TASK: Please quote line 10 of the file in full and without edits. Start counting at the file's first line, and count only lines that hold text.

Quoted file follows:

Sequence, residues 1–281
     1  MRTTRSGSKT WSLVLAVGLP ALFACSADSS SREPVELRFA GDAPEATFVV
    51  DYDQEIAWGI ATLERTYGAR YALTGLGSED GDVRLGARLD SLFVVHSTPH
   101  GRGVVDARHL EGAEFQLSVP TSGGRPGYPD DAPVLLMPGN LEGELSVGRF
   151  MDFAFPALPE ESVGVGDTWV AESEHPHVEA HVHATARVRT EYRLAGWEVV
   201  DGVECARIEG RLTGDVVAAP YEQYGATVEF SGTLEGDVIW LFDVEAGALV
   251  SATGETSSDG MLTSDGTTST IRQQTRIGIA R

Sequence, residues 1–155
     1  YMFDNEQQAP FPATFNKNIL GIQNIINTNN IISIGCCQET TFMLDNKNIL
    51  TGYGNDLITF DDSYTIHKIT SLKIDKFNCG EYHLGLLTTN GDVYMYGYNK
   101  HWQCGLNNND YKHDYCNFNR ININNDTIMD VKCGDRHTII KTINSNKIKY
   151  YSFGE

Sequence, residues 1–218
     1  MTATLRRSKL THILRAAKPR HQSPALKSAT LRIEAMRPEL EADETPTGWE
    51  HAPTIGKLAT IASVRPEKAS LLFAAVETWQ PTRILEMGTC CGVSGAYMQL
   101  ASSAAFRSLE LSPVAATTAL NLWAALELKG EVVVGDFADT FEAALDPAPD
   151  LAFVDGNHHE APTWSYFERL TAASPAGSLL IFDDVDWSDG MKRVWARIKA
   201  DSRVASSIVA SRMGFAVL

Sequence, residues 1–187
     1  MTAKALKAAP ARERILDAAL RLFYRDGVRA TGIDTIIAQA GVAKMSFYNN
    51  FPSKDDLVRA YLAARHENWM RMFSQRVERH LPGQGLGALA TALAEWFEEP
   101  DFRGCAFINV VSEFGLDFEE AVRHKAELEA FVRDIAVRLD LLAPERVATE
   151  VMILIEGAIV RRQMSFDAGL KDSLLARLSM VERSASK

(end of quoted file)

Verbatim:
    51  TGYGNDLITF DDSYTIHKIT SLKIDKFNCG EYHLGLLTTN GDVYMYGYNK